let others know what you care deeply about it (especially if it is them!)
What do you make of awareness, spontaneity and intimacy as a definition of psychological health? Would you like to add other qualities? Do you think this is just way off beam? Let me know in the comments.

If you liked this post you might also like:

The Drama in our Relationships

Psychotherapy: a brief guide to what it is

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13 Comments to “A Psychological Health Checklist: awareness, spontaneity and intimacy”

  1. “six options” — I like this. Its always nice to find little, easy-to-remember prompts that can help break us out of our rut (and there seem to be ruts everywhere, after years & years of marriage).

    Great post. I’ll be checking back.

  2. Mark says:

    I use my blog as a journal does that count for keeping a journal?

    As far as intimacy goes. My wife and I seem to be getting more and more connected as time goes on. And also some of my blogging buddies and I seem to be getting closer.

  3. Evan says:

    Thanks Ph.D. (Do you really have on in yoghurt?). Ruts certainly are everywhere.

    Thanks for commenting.

  4. Evan says:

    Hi Mark,

    Yep blogs count, as far as I’m concerned.

    I’m glad intimacy is growing for you. For me this is one of the best things in life.

    Thanks for taking the time to comment.

  5. Steve Mills says:

    Hi Evan,

    Great post, definately some strategies for living a more “alive” life connecting more with ourselves and others.

    I have recently found myself caught in a rut, causing myself a bit of stress and burnout. Thankfully I can normaly realise this before it gets out of control, and start to do some of the things outlined above to get myself back on track

  6. Evan says:

    Hi Steve,

    Hope you’re back on track now.

    Thanks for taking the time to comment.

  7. Hi Aaron, all very good thoughts you’ve given us here, thanks!

    I’d add re: awareness that after studying A New Earth by Eckhart Tolle that not everyone is living in full awareness and you can actually function in daily life while not even being aware.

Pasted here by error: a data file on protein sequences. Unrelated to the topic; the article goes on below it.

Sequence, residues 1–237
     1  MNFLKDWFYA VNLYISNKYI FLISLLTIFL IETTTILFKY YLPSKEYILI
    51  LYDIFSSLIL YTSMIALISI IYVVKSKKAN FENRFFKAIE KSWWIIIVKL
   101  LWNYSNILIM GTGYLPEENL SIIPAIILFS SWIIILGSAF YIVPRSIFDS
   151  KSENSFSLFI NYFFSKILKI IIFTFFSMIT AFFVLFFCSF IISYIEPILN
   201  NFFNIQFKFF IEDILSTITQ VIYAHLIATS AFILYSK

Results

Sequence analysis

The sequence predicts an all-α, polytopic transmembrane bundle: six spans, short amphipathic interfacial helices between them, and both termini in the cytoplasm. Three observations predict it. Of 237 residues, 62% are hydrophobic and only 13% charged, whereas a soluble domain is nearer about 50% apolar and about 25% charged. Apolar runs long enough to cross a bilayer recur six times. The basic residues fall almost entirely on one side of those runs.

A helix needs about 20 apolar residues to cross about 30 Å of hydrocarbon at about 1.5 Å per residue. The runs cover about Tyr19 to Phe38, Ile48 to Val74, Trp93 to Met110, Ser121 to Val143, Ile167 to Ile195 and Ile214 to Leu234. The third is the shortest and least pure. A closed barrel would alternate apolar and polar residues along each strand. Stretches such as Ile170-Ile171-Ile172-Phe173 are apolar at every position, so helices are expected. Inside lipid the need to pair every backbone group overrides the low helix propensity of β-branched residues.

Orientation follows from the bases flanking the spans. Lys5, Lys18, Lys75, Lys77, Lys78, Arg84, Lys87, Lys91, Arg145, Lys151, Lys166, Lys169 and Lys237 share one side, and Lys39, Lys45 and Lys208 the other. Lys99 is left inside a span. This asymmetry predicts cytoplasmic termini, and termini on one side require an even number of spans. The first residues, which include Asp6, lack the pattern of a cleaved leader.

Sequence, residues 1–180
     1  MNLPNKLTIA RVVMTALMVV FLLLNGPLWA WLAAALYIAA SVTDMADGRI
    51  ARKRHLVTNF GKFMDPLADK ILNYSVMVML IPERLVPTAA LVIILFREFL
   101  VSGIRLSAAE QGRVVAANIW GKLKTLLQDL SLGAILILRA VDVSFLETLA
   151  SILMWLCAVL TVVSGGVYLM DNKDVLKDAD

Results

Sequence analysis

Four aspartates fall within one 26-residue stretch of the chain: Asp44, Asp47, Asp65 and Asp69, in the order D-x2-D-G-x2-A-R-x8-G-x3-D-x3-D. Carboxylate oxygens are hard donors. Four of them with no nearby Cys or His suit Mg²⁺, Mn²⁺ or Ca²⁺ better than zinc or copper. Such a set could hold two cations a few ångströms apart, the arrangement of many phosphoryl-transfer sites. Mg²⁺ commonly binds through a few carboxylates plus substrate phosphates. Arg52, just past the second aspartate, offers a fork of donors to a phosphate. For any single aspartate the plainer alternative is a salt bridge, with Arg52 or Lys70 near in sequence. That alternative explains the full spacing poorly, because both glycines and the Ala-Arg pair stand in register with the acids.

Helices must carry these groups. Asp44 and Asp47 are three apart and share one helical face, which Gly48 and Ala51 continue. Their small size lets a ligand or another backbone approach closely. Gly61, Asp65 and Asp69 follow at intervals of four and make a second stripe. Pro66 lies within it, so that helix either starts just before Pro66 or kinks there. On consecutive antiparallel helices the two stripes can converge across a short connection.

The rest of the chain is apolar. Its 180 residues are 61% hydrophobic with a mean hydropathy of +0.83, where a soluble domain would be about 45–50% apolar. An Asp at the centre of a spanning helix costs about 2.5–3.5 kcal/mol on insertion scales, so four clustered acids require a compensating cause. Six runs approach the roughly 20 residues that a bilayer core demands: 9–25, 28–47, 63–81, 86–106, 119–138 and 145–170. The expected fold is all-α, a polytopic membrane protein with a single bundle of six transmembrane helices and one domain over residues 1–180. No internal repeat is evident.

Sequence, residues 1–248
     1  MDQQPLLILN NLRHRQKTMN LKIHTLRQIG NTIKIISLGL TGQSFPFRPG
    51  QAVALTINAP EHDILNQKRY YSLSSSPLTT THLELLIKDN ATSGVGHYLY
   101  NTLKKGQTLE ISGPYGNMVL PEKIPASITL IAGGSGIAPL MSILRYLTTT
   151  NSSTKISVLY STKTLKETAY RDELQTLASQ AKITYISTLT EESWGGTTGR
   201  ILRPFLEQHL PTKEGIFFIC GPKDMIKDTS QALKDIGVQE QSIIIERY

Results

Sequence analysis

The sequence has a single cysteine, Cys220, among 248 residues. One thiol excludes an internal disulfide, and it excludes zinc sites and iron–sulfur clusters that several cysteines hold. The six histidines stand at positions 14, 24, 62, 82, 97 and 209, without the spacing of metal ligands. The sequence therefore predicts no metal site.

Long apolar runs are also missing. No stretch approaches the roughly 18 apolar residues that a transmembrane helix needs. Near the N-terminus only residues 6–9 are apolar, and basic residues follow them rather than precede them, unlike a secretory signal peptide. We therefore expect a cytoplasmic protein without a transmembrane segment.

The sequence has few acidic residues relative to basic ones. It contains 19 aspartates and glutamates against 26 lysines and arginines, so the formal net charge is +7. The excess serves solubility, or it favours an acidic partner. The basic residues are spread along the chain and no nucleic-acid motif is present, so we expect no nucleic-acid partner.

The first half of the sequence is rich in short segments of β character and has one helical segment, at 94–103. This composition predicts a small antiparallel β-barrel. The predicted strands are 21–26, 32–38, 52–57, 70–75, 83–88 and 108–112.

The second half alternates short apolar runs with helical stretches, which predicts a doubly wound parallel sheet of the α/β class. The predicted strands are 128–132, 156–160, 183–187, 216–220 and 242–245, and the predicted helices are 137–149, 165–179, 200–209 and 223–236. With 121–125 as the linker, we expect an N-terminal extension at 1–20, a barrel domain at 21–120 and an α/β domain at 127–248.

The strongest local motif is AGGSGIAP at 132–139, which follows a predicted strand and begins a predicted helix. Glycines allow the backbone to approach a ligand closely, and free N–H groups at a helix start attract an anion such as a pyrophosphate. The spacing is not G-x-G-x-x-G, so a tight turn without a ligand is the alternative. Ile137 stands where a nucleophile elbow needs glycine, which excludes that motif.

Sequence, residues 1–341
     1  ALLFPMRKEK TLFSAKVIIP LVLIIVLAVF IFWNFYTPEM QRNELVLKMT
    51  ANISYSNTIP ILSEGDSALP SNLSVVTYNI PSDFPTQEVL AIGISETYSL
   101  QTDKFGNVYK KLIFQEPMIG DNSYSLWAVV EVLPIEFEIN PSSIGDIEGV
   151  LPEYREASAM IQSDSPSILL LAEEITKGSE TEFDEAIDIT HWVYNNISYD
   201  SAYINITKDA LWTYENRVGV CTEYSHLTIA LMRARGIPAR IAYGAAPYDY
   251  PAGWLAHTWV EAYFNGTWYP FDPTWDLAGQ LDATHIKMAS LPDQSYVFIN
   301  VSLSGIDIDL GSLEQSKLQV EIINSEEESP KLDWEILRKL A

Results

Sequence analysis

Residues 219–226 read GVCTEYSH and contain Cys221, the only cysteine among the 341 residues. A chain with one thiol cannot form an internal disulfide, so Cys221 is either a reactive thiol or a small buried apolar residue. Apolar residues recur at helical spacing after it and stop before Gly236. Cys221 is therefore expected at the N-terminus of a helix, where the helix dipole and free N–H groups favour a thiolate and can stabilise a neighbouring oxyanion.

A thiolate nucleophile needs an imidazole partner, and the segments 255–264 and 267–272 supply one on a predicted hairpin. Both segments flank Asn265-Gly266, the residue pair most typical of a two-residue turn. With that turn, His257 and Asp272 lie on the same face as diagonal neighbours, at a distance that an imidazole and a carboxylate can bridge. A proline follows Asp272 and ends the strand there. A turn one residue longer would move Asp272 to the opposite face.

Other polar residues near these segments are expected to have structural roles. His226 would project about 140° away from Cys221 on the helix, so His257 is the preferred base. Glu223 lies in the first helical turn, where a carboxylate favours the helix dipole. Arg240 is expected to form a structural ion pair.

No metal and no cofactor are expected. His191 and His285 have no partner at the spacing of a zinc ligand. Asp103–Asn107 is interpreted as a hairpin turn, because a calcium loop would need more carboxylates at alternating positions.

True awareness is living completely in the moment instead of doing whatever you’re doing to reach an end. It might not always be where you want to be either, but when you surrender and go with the moment, life can be so much easier (no more resistance).

    Thanks! 🙂

  8. oops, meant to comment on your picture, I LOVE it – looks like a craaazzzy cat, how fun! 🙂

  9. Evan says:

    Hi JoLynn,

    I like the cat too. To find a picture for this post I thought would be pretty hard, but I saw this cat and knew I’d found it.

    I think ‘awareness’ has degrees. Most of us don’t have full awareness at any given time. Living in the moment I think means participating fully in remembering and anticipating too. I don’t see planning as incompatible with living in the moment. This is a big discussion I know – I’ve pursued it and related matters with the Easternish-type blogs I wrote about a couple of posts ago. If you aren’t aware of them I recommend them all highly.

    Thanks for taking the time to comment.

  10. Emily says:

    Great practical advice. Some friends of mine and I agree that our differences are what strengthen our relationships now (years after they formed) even though we got together because of our similarities — or think we did …

  11. Evan says:

    Hi Emily,

    I do think our differences are what can strengthen our relationships. I do think though that we need to have a way to communicate with each other.

    Thanks for your comment.

  12. Judy says:

    Thanks for such an practical advice. I like it
    Thanks

  13. Evan says:

    Hi Judy,

    I’m glad you like it. I hope it’s useful to you.